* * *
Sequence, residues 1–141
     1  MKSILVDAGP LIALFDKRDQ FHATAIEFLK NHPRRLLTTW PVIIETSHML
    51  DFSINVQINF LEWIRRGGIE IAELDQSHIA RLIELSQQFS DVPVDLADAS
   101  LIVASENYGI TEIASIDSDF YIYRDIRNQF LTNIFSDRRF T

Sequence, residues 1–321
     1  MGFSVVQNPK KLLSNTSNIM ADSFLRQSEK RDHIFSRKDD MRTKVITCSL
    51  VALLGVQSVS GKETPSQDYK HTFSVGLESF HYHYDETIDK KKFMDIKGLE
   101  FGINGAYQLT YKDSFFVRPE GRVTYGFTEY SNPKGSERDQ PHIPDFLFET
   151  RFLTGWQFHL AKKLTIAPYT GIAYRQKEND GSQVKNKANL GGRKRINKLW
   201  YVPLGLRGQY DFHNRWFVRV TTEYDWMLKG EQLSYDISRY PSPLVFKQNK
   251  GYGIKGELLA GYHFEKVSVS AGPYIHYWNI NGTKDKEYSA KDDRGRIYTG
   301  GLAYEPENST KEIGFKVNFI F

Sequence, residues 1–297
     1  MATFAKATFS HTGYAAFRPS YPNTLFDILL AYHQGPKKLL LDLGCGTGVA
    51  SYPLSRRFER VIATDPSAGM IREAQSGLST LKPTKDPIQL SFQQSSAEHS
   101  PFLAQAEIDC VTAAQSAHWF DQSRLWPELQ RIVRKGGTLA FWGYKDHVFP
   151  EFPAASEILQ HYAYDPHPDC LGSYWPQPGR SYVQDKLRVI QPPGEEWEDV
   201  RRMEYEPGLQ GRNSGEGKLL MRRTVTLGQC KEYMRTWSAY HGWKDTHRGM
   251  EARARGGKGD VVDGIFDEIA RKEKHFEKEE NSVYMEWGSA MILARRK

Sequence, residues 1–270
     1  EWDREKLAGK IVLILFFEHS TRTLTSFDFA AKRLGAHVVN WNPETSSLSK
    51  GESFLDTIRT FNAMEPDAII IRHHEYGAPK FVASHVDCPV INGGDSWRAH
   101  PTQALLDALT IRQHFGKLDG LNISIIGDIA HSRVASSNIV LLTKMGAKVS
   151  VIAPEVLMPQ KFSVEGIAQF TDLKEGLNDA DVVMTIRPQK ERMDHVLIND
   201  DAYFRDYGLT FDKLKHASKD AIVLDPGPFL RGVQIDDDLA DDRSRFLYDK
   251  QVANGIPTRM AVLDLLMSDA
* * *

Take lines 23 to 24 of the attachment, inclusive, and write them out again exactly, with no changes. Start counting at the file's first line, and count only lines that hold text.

   101  PTQALLDALT IRQHFGKLDG LNISIIGDIA HSRVASSNIV LLTKMGAKVS
   151  VIAPEVLMPQ KFSVEGIAQF TDLKEGLNDA DVVMTIRPQK ERMDHVLIND